“[It] then brings in a raft of construction requirements under the building code of Australia to ensure it is built to the required fire safety rating for that particular area,” he said.

“I suppose there needs to be more [such] areas declared and the enforcement of those type of construction methods to make sure the residence is actually fire safe.”


The Keelty inquiry found there was a reluctance from some local governments to declare areas bushfire prone as the requirements and increased costs could have the potential to limit development in their area.

Areas declared bushfire prone must comply with Australian Standard 3959-2009, which includes specific requirements of evaporative cooling units designed to prevent ember attacks.

One shire which hasn’t balked at the costs is the Busselton Shire, the only local government in the state which has declared its entire municipality bushfire prone.

The shire’s director of planning, Nigel Bancroft, says moves towards the declaration began in 2004 when an increasing number of people were building lifestyle properties in areas whose attractive characteristics, undulating land and thick vegetation, were the very factors making them high fire risk areas.

He says meeting the Australian standards for bushfire prone areas adds about five per cent to the cost of an average home.

“If you are going to buy and build in our lifestyle or rural-residential areas then it’s quite clear up front that these areas are at fire risk and your dwelling will have to meet certain standards to address that,” he said.

He says under the declaration each property is given a bushfire rating.

Only those deemed at medium, high or extreme fire risk must be assessed by a fire planning consultant and the appropriate Australian standard applied.

“The requirements for compliance, particularly clearing of your building protection zone, your hazard protection zone are done and inspected at the time of building,” he said.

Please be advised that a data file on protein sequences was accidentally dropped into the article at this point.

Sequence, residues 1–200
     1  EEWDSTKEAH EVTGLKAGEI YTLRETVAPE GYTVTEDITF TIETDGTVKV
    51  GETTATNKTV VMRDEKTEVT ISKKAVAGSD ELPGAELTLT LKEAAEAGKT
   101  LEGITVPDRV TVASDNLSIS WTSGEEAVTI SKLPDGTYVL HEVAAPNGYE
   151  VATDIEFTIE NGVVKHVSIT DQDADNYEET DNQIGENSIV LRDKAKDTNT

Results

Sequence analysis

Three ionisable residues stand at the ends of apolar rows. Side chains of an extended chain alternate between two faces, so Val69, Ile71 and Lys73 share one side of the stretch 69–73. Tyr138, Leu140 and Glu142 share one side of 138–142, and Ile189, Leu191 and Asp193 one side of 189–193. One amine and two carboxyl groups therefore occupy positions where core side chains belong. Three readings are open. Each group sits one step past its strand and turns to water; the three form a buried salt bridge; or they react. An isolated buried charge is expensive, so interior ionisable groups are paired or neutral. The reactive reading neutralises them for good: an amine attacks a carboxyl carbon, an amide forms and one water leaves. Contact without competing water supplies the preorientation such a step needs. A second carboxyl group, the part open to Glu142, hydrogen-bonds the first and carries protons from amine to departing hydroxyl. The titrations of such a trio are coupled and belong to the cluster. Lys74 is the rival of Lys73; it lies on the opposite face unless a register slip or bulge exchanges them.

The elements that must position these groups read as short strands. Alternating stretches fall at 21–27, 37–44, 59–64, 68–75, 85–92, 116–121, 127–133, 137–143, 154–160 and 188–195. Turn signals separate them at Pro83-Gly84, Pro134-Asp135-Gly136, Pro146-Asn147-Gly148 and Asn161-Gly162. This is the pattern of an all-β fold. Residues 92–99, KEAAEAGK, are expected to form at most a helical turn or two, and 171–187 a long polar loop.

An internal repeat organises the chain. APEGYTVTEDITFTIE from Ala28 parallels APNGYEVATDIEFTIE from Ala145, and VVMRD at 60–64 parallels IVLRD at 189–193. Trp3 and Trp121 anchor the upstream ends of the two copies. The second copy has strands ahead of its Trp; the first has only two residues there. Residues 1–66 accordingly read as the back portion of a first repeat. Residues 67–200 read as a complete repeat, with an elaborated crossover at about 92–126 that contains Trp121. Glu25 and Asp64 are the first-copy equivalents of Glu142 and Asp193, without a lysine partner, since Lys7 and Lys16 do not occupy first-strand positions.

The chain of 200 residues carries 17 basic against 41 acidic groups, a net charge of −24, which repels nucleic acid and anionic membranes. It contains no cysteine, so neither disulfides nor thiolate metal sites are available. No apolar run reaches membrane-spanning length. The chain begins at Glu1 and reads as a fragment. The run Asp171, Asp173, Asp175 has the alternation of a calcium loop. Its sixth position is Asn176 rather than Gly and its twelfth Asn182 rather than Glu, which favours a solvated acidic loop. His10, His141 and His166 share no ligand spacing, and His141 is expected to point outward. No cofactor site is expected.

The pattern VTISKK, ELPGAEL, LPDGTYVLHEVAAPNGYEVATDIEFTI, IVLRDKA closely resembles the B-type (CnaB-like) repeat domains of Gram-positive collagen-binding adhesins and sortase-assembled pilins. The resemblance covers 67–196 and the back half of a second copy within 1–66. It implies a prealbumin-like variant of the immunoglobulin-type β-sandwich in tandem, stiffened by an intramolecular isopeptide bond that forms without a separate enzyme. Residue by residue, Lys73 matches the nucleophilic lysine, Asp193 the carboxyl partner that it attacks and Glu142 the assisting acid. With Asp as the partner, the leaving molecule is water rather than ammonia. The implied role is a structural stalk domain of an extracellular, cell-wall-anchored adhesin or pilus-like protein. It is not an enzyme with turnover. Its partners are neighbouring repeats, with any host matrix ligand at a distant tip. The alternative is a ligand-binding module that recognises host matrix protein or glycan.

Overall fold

“They have to maintain that year after year; going back a decade ago, people were often moving into houses with no bushfire vegetation control in place.”

Mr Bancroft says there’s been little concern within the community about the declaration and the associated cost implications.

“Most people acknowledge a responsibility and in a lot of ways a gratitude that the standard is there,” he said.

“It provides them good information about how they can address the bushfire risk.”

He says the attitude of property owners to bushfire prevention has changed in recent years with the prevalence of devastating fires around the country.

“There’s a lot more people that now acknowledge bushfire as a very significant issue and realise that they do need to do what’s necessary, at a minimum, what’s legislatively required to meet it,” he said.

“Quite a few people do over and above that.”


The Mayor of Armadale, Henry Zelones, in which the communities of Kelmscott and Roleystone fall, says the declaration of bushfire prone areas should be a responsibility of state not local government.

“So that we can ensure there’s consistency across local government boundaries,” he said.

“We found in the past when local governments actually do these things on their own, they’re not quite the same.

“Our preference is for them to make that declaration and make it uniform.”

A recommendation from the Keelty report is to vest responsibility for declaring areas bushfire prone with the WA Planning Commission instead of local government.

An implementation group is working on that but it will require legislative change and considerable resources to administer and it’s a change that won’t be made in time for this bushfire season.

Again the question needs to be asked, why did it take a major bushfire and the loss of 70 homes for the State Government to address this issue?